You cannot fight the circadian rhythm, but you can take steps with lifestyle, diet and natural products, to stay healthy and prolong your life. Here are my 9 top tips for keeping yourself healthy on night shift or if you regularly work late hours:

1) Let food be your medicine. Discipline yourself and remember that healthy, nutritious food is all the more essential when your body is under stress from working shifts. Don’t get seduced by snacks in vending machines. Cook healthy food on your days off and take home-cooked meals to work. Make sure you include plenty of protein! It’s an indispensible nutrient and a source of vital amino acids required for all biological processes.

2) Eat tyrosine-rich food. Jump-start the brain with seafood, soy, organic grass-fed meats, eggs and organic yoghurt. They are all rich in tyrosine, which helps to perk up your brain.

3) Go nuts! Raw Brazil nuts are high in selenium—a potent mineral that detoxifies your system and is key to cancer prevention. Pumpkin, chia and sunflower seeds, as well as pistachios, are also excellent nutrient-dense foods. Avoid peanuts—they are especially susceptible to a mold that produces a mycotoxin called aflatoxin (a carcinogen that has been shown to cause liver cancer in rats and, presumably, in humans).

4) Be berry smart. Blueberries increase concentration and memory by increasing blood flow to the brain. Eat a handful every day—in yogurt, with some nuts or in a protein smoothie.

5) Avoid eating too much, especially carb-rich food, and getting a  ‘food coma’. Less is more, when it comes to the size of your meal. Small, frequent meals sustain energy and reduce weight gain. Over-eating and consuming too many carbs make you susceptible to hyperglycemia and an insulin surge, which can lead to diabetes.

6) Avoid sugar. Sugar is 8 times more addictive than cocaine! It provides a short boost of energy, followed by a crash, causing excessive fatigue, irritability and a craving for another quick fix. Sugar also causes your insulin to spike, which causes your body to retain more adipose (fat) tissue. In other words, sugar makes you fat!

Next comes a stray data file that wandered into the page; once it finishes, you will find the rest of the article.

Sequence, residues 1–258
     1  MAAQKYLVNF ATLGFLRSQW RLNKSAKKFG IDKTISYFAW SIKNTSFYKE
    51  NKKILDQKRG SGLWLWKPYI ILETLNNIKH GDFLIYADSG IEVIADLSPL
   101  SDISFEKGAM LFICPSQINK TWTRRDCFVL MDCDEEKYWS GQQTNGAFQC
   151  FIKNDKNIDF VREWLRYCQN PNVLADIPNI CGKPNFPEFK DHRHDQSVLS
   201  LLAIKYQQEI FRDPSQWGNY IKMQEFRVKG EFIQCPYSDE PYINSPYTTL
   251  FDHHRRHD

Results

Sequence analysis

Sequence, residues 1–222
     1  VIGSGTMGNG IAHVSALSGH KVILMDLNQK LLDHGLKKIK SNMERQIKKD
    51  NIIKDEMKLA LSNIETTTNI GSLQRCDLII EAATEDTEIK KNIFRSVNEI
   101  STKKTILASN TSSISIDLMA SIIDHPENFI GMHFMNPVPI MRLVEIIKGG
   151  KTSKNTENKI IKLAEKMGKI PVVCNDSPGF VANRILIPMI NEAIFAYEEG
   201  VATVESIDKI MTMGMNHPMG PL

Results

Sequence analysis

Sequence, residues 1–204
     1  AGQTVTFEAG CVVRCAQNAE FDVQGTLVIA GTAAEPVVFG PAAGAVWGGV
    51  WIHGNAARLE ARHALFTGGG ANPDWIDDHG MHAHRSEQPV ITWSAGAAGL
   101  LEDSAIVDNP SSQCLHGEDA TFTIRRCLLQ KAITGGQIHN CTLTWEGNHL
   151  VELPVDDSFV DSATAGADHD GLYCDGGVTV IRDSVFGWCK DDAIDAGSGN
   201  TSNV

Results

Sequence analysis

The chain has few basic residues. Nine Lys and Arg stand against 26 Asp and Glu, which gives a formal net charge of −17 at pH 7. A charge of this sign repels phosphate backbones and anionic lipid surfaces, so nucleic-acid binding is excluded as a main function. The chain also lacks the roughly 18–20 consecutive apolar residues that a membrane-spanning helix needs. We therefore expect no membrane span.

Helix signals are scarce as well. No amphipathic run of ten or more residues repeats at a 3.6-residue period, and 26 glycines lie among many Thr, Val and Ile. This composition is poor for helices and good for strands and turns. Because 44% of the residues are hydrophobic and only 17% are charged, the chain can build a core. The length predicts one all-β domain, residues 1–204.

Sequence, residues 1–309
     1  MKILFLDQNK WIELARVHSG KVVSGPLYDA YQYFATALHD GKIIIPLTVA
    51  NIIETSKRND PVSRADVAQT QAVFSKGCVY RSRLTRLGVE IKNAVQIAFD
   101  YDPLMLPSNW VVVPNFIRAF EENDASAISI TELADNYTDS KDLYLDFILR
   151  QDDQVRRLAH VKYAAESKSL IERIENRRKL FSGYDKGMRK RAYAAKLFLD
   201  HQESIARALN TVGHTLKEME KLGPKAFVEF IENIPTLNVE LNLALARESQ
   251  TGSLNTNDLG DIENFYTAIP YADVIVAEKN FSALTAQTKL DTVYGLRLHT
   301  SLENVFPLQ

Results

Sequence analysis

7) Glow with low-glycemic-index foods. Organic apples, grapefruit, humous, chickpeas, legumes, lentils, oranges, steel-cut oatmeal and seaweed are all low-glycemic foods, which raise your blood sugar much more slowly than those that are high on the index.  (Note that carrots are a high-glycemic food, especially when cooked.)

8) Avoid caffeine.  Everybody knows that caffeine makes you more alert and clearheaded, right? It may do so temporarily, but a cup of coffee only gives you a wake-up jolt because it triggers a stress response. Caffeine sends your adrenal glands into overdrive, pumping out a stress hormone that generates a temporary feeling of alertness, followed by exhaustion and decreased focus. The sleep-disrupting effects of caffeine may occur up to 8 hours after consumption.

9) Drink more water. Did you know that the human body (including the brain) is 70% water? Water is our most abundant and vital medicine, required in ample amounts by every cell of the body.  Yet its importance is often overlooked, and most people are chronically dehydrated without realizing it. Not drinking enough water can create brain fog, lightheadedness, fatigue, irritability, digestive problems and many other issues. Staying properly hydrated is vital to good health and optimal functioning, and most adults require one or two liters of pure water a day.

Dr Pushpa Chandra is a naturopathic doctor and CEO of